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Ṣarf

(653 words)

Author(s): Heffening
is defined by the jurists as a contract of sale ( baiʿ) in which the goods to be exchanged are of precious metal ( thaman). Ṣarf is primarily money-changing, but also includes any exchange of gold and silver. As the name shows — ṣarf is maṣdar of a verbum denominativum from ṣairaf or ṣarrāf — the business of money-changing is of Aramaic origin (cf. Fraenkel, Die aram. Fremdwörter im Arab., p. 182 sqq.; Lambert in the R. E. J., 1906, ii. 29). The expression ṣarf seems to have been first naturalised in Islām about the. end of the first century a. h. With this is connected the fact that Mālik b. Anas in the Mu…

Murtadd

(1,989 words)

Author(s): Heffening
(a.), “one who turns back”, especially from Islām, an apostate. Apostacy is called irtidād or ridda; it may be committed verbally by denying a principle of belief or by an action, for example treating a copy of the Ḳurʾān with disrespect. 1. In the Ḳurʾān the apostate is threatened with punishment in the next world only; the “wrath of God” will fall upon him according to a Sūra of the latest Meccan period (xvi. 108 sq.) and severe punishment ( ʿad̲h̲āb) “except he did it under compulsion and his heart is steadfast in belief”. Similarly it is written in the Medīna Sūra iii. 80 sqq.: “…This is the p…

Mutʿa

(3,037 words)

Author(s): Heffening
(a.), temporary marriage (according to the Arab lexicographers “marriage of pleasure”), a marriage which is contracted for a fixed period on rewarding the woman. I. Before Islām. According to Ammianus Marcellinus, xiv. 4, 4, temporary marriage was in use among the Arabs already in the fourth century a. d.; but this can hardly be a reference to mutʿa as the woman brings a lance and tent to the man and can leave him if she likes after the period has elapsed. It is also doubtful if there is a distinct muʿta character in the marriage of Hās̲h̲im …

Ṣulḥ

(434 words)

Author(s): Heffening
, composition, settlement, which is recommended as early as Ḳurʾān, iv. 127, is a contract of sale ( baiʿ) with the object of averting a dispute (cf. the Roman-Byzantine transactio, διάλυσιΣ: Cod., 2, 4, 21; also Dig., 2, 15, 1). The rules of baiʿ hold for it, especially ḳubūl and īd̲j̲āb. There are three kinds of settlements: the defendant either acknowledges the disputed point to be justified ( iḳrār) or he disputes it ( inkār) or he says nothing ( sukūt). The older jurists differ on the admissibility of these three kinds: al-S̲h̲āfiʿī and Ibn Abī Lailā demand definite ac…

Tadbīr

(898 words)

Author(s): Heffening
(a.), Maṣdar of the second stem of the root d-b-r. 1. With the meaning of „direction, administration”. The Arabic lexicographers explain dabbara as a verb from the noun dubur “the hindmost, the end” (opposite: ḳubul); thus we read in the Lisān, v. 358: an tanẓura ilā mā taʾūlu ilaihi ʿāḳibatahu, “to heed what one attains at the end of a matter”, or yanẓuru fī ʿawāḳibihi, “to heed the end of a matter”. This verb has now a double application: a. in the sense of government, administration (e. g. in the title of a work by Ibn Abi ’l-Rabīʿ, Sulūk al-Mālik fī Tadbīr ’l-Mamālik [cf. siyāsa]) and b. which c…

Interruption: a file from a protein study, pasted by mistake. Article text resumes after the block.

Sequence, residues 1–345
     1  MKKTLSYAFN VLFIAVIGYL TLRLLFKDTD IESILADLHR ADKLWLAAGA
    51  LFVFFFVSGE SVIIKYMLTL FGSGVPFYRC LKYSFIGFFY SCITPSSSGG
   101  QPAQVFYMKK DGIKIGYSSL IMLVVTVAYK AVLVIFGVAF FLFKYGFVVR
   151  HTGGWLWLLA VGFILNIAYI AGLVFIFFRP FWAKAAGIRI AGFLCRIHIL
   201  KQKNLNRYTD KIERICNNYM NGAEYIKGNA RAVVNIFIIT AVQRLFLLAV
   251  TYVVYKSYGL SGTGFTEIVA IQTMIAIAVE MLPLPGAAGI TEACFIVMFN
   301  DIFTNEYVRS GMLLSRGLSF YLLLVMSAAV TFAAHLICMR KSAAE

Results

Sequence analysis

ʿIbādāt

(361 words)

Author(s): Heffening
(a., pl. of ʿibāda), the ordinances of divine worship. The term ʿibāda is already found in the Ḳorʾān in this sense (e.g. Sūrā x. 30; xviii. 110; xix. 66 and passim) but is only very rarely applied to the worship of idols (e.g. Sūra xix. 85; xlvi. 5).— Under this general head is comprised the first part of the works on law in Islām: ṭahāra, ṣalāt, zakāt, ṣawm, ḥad̲j̲d̲j̲ and sometimes also d̲j̲ihād. According to al-ʿAbbādī ( al-Ḏj̲awhara al-naiyira, Constantinople 1323, i. 146) the mas̲h̲rūʿāt are divided into five groups: 1. the articles of the creed; 2. the ʿibādāt; 3. the muʿāmalāt which inc…

S̲h̲irka

(769 words)

Author(s): Heffening
(or S̲h̲arika; the former is according to al-Faiyūmī, Miṣbāḥ and the more usual form in the Turkish legal language). S̲h̲irka originally implied simply that a thing belonged to several ¶ persons in common in such a way that each one had ownership in every smallest part of it in proportion to the share allotted to him. This idea seems to be a general Semitic one. It is found similarly in the Talmudic , cf. L. Auerbach, Jüd. Obligationenrecht, § 45. Like this conception s̲h̲irka was also later transferred to the different forms of trading companies. The jurists therefore u…